Employer-sponsored coverage is growing more expensive and covering less.
From AMA-ASSN.org –
Findings by the Commonwealth Fund and polling by Gallup show that fewer workers are getting health insurance, and those who have it are paying more for less.
Polling released in November by Gallup showed the smallest percentage of American adults covered by employer-sponsored health insurance since the polling organization began tracking health insurance in 2008. As of the third quarter of 2011, 44.5% of adults were covered at work. That’s down from 50% at the end of 2008.
Research by the Commonwealth Fund, a private foundation that advocates better health care access and quality, found that from 2003 to 2010, health insurance premiums rose by 50% on average, much faster than income. Not only did the total cost rise, but the portion employees pay rose by 63%. The research showed that the premiums bought less generous benefits, with deductibles nearly twice as high in 2010 as in 2003.
“These are workers with jobs, with coverage — during the same time, millions more lost their jobs,” said Cathy Schoen, co-author of the report.
According to Gallup, 17.3% of the people it polled in the third quarter of 2011 said they were uninsured, down slightly compared with the second quarter, when it hit 17.4%. That was the highest level reported since Gallup began tracking health insurance in 2008.
By comparison, the most recent U.S. Census data estimated that 16.3% of the population — 49.9 million Americans — was uninsured in 2010.
The reports are the latest in a series of studies in recent months establishing that patients are spending more money out-of-pocket to get health care — and, as a result, are spending as little as they can. Various studies have estimated that physician office visits have declined 8% to 17% in recent months.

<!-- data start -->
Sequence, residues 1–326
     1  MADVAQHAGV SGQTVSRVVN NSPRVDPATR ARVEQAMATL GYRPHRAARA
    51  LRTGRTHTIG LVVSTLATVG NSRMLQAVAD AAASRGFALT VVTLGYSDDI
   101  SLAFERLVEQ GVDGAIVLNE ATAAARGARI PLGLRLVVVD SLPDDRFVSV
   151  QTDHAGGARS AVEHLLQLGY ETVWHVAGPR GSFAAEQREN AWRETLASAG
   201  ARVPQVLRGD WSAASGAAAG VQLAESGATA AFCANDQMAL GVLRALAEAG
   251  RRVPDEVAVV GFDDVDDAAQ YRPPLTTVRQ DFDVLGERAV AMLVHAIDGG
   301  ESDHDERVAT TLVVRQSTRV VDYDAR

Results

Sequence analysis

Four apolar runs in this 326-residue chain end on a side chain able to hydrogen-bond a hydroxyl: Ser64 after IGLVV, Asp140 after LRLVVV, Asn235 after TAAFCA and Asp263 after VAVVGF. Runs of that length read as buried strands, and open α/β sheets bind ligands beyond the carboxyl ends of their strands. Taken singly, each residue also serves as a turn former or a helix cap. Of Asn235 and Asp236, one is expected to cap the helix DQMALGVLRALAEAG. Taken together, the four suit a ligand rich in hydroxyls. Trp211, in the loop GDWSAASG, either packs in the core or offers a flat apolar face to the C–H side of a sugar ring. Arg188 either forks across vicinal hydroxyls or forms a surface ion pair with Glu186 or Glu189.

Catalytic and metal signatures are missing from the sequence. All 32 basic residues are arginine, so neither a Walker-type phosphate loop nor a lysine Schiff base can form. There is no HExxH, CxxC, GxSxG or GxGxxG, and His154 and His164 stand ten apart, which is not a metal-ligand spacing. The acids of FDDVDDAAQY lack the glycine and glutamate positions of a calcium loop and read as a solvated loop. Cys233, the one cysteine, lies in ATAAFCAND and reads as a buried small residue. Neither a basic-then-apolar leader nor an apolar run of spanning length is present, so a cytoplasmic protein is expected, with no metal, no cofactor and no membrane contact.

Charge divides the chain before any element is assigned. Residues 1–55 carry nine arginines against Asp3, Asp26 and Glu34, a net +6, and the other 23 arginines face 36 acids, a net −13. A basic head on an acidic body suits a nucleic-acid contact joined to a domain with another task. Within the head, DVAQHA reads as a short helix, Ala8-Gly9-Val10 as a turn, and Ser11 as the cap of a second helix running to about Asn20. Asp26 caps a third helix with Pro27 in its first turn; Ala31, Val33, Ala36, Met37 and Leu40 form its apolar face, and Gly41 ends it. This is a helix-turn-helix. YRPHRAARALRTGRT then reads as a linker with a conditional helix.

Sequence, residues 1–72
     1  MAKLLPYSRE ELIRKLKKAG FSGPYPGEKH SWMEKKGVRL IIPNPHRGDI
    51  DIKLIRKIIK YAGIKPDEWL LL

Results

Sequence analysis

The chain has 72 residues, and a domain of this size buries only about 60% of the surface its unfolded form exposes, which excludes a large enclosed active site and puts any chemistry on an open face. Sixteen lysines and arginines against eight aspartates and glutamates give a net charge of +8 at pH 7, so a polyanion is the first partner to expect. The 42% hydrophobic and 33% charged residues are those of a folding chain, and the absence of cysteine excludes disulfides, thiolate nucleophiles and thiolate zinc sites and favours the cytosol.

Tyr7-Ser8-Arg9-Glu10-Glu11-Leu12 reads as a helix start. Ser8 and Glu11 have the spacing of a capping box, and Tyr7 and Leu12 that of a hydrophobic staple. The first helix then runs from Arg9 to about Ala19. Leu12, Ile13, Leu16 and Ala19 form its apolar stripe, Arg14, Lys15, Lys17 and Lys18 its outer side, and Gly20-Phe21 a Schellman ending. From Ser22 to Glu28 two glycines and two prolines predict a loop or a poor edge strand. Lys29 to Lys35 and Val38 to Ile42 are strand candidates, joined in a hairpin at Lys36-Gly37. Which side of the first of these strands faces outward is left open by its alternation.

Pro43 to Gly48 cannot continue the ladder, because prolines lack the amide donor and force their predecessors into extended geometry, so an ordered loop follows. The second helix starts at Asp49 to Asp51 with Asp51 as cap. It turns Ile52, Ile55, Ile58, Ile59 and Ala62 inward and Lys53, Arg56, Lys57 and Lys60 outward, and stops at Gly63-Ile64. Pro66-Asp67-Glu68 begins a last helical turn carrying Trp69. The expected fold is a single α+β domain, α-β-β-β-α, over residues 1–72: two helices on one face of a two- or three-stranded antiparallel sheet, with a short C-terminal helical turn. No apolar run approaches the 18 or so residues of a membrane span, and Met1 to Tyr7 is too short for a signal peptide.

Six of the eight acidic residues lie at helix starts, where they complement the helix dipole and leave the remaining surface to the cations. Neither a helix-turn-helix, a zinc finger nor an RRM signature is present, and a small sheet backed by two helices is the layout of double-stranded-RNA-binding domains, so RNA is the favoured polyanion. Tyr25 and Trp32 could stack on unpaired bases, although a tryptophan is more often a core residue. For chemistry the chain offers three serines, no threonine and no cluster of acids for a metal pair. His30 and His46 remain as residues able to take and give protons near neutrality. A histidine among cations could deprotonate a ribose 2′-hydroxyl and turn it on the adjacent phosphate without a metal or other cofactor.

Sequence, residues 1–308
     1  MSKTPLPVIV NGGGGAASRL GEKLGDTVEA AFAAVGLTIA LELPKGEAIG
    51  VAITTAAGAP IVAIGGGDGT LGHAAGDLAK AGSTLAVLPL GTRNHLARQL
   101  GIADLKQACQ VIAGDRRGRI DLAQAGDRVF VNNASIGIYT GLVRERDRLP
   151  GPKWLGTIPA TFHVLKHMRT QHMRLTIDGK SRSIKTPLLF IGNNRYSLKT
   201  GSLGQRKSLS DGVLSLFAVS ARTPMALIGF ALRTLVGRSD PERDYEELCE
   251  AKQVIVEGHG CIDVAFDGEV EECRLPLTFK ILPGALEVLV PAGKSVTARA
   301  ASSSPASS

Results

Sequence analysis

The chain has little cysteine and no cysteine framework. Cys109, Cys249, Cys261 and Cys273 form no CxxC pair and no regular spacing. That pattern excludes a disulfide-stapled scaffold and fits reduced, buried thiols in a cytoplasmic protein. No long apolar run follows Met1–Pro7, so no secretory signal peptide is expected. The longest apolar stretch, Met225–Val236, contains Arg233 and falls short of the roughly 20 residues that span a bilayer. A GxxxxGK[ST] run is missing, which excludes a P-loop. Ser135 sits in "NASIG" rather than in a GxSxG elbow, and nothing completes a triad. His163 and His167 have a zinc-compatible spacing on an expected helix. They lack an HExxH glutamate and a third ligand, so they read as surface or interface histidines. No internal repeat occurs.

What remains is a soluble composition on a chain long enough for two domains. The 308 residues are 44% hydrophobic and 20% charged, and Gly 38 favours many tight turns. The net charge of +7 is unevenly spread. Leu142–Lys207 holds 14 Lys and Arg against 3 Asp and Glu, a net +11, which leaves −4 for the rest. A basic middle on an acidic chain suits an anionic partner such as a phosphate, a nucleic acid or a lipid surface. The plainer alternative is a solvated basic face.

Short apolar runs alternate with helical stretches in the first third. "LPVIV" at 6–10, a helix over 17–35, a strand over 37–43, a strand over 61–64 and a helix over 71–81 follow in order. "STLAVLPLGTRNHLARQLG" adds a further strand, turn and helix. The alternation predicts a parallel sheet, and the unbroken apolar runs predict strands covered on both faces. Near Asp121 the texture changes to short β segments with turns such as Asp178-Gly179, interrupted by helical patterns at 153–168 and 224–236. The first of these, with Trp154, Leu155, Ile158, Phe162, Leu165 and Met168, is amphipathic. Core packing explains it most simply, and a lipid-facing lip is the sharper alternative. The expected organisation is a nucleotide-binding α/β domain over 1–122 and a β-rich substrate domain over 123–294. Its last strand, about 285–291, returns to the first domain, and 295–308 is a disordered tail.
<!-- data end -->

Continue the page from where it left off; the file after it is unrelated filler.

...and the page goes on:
The Commonwealth Fund study examined the years before the enactment of health system reform, leading to the question of whether reform can take health care costs in a different direction.
The report by the fund, a supporter of the Patient Protection and Affordable Care Act, examined the possible savings to families if the growth rate in premiums were to decrease by just 1%. That small drop would save an average family $2,161 by 2020. A 1.5% drop in the growth rate would save $3,173 during the same period.
Schoen and Commonwealth Fund President Karen Davis, PhD, said the health reform law could lower the growth in a few ways. One is that premium reviews by the Health and Human Services Dept. could make insurers more hesitant to raise prices without solid justification. HHS can’t invalidate premium hikes, but it can examine them.
Also, the Commonwealth Fund said, medical-loss-ratio minimums from 80% to 85% would mean that if insurers spend less than expected on care, they must return the excess to members. This is the first year the minimums must be applied. Coverage expansion in 2014 will eliminate some cost-shifting, which means the insured bear the cost of care for the uninsured, the fund said.
Health insurers have said the reform bill does little to control costs, which they say are driven not by their administrative costs or profits but by the underlying cost of care.
Speaking Nov. 15 at the Fall Forum hosted by the trade group America’s Health Insurance Plans, the group’s president and CEO, Karen Ignagni, said the scrutiny and transparency required under the health reform law could help insurers make their case that the underlying cost of care drives premiums higher.
Too often, she said, health care costs are equated with premiums, and government efforts to control costs stop with barring insurers from raising premiums.
She and others in the industry say elements of the reform law are likely to raise premiums. A few weeks before the Fall Forum, AHIP released research it had commissioned projecting that insurers would need to raise premiums by as much as 3.7% to cover the health insurance industry fee (AHIP calls it a “premium tax”) that takes effect in 2014 under the reform law.
But Davis said she doubts insurers actually will increase the cost of coverage for those reasons. The coverage expansions that already have kicked in — making adult children eligible for coverage under their parents’ policies until age 26, for example — have raised costs much more modestly than government actuaries predicted.
“When you look at large insurers, there is plenty of room for absorbing [cost],” she said. “We could see a much more efficient insurance market in the future.”